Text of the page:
Our Principal Conductor Designate, Klaus Mäkelä, leads a programme of French music.
Maurice Ravel (1875−1937) originally composed Bolero as a ballet, commissioned by the Russian dancer, Ida Rubenstein. The work was premiered as a ballet in 1928, and was an immediate success, eventually becoming one of Ravel’s most famous compositions. After the world premiere, it became common to perform the work without choreography. Bolero is mainly characterised by the many repetitions of the bolero rhythm and the Spanish-inspired melody which wanders through the orchestra. The whole work is composed as one, consecutive crescendo. The snare drum introduces the bolero rhythm tentatively and softly in the beginning while the melody itself is played pianissimo by a flute. Gradually, the sound and intensity increase, more instruments and instrument groups join in − both in the rhythmical motive and the melody itself − until the frenetic climax where the whole orchestra plays fortissimo possibile − as loudly as possible.
Like Ravel, Claude Debussy (1862−1918) was inspired by Spanish music and culture, something which characterises the second of his three Images for orchestra, Iberia. Here, Debussy uses both castanets and guitars, giving the music a distinct Spanish colour as it evokes life in the Spanish streets, the distinct mood of the Spanish night and the anticipation building up to a real fiesta. Like Debussy’s other works, Images has a French sensibility; a sensitivity to sound and an innovative approach to it. In Gigues, the music circles around an English folk song, but this is placed in a French context − namely, Debussy’s colourful writing for orchestra and his rich harmonic palate of sounds. Rondes de Printemps is a very French, “Debussyesque” celebration of spring: more introverted and tentative, but every bit as colourful as Stravinsky’s Rite of Spring. Images was composed between 1905 and 1912.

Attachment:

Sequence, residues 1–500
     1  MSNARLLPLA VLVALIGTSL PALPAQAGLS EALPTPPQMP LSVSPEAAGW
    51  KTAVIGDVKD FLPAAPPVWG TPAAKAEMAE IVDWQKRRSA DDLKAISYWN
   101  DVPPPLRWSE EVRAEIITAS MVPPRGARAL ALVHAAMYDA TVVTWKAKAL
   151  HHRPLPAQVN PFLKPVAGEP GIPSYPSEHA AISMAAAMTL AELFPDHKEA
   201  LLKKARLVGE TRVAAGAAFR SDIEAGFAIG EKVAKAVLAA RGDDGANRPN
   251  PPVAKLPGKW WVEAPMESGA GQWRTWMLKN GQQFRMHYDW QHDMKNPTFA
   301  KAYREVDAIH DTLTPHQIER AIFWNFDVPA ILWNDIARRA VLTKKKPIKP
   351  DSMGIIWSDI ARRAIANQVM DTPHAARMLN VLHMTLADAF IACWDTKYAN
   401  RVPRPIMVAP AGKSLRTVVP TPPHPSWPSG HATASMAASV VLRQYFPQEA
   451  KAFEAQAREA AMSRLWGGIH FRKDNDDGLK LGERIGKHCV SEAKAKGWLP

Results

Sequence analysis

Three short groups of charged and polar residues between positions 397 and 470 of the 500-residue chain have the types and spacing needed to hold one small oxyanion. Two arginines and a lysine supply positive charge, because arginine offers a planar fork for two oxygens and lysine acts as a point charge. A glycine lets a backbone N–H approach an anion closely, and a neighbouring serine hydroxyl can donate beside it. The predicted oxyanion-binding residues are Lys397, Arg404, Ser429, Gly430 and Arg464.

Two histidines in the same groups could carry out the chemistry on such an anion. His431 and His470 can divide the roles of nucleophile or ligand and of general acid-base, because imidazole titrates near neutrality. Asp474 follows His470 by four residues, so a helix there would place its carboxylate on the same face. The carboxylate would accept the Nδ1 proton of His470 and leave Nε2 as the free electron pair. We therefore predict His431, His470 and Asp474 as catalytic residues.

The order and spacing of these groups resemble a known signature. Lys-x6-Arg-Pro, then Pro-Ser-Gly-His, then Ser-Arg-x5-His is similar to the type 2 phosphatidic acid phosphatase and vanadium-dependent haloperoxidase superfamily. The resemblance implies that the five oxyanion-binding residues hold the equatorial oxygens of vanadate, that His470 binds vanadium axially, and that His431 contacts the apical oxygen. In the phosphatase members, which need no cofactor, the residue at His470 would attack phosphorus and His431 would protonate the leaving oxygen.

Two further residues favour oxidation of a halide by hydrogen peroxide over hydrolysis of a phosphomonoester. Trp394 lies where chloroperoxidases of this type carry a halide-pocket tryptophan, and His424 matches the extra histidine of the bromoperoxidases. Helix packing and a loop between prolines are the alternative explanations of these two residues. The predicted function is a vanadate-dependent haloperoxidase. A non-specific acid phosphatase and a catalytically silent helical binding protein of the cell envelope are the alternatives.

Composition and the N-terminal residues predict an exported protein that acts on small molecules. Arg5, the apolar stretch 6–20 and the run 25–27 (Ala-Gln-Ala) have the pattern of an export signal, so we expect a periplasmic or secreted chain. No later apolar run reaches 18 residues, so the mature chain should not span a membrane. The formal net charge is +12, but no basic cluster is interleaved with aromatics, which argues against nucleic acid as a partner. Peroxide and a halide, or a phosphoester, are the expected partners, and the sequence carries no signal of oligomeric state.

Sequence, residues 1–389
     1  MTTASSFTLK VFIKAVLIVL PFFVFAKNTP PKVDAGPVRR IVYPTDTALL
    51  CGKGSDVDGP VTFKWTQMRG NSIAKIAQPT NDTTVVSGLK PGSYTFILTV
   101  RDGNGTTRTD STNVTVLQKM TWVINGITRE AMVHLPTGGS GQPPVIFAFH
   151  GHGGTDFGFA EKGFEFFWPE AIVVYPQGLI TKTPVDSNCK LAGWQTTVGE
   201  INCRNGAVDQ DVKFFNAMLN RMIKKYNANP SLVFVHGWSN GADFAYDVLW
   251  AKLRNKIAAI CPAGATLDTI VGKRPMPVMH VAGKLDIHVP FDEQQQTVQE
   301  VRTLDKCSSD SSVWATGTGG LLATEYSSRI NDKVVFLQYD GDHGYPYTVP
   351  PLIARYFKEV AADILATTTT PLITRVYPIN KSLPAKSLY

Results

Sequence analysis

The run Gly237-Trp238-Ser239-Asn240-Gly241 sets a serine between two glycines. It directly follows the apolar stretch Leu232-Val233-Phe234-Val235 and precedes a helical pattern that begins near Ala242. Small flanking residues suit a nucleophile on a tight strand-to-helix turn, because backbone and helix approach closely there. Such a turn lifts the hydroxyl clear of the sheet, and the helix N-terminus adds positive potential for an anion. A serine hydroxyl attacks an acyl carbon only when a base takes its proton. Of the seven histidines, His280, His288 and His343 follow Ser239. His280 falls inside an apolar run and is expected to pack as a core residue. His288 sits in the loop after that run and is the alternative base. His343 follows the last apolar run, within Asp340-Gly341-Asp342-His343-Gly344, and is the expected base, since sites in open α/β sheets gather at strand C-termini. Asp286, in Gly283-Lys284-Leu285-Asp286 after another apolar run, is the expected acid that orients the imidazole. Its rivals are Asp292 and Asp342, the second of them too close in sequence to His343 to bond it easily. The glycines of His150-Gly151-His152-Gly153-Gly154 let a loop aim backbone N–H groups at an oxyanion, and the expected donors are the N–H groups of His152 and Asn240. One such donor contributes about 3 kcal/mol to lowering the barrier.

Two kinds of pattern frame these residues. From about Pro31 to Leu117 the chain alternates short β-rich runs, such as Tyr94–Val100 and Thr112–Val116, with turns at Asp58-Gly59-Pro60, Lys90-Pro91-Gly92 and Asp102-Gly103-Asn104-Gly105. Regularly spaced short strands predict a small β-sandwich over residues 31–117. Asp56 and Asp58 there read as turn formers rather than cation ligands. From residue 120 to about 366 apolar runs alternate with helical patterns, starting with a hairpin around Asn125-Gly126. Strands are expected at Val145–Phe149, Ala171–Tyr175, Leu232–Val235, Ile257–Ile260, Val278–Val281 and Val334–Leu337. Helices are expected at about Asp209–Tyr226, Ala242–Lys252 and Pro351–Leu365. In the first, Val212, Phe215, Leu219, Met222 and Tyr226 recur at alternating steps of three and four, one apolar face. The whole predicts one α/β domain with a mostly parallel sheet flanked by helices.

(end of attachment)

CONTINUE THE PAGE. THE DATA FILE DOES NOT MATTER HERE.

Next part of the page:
New French music was not always well-received in Norwegian music circles in the time between the wars. When the Oslo Philharmonic performed Ravel’s Bolero for the first time in Norway, in 1931, the German music-orientated and conservative critic, Per Reidarson, was clearly not very impressed by the repetitive new music, writing in a review in Arbeiderbladet:
We heard yet a new work: Bolero by Ravel. Here, the worldly, but otherwise not very talented French composer has invented a fiery, beautiful and typically Spanish Bolero theme. He introduces the work with this theme, which then makes its rounds through a series of wind instruments, accompanied by a soft pizzicato and small drum which constantly plays the Bolero beat. The theme is played through all the wind instruments and finally arrives at the strings, but nothing comes of it. One waits forever for a contrasting movement, or some other variation. But no. There is just more of the same, and the only adjustment is in the role of the instruments. At first it is entertaining, but after a while, the joke has gone too far. It is just like a humorous rhyme with a hundred verses. It’s amusing the ten first times, and the rest is too much. Schneevoigt conducted with energy and good humour, and got what he could out of the works.
(In photo: Klaus Mäkelä; Photo: Heikki Tuuli)Read more
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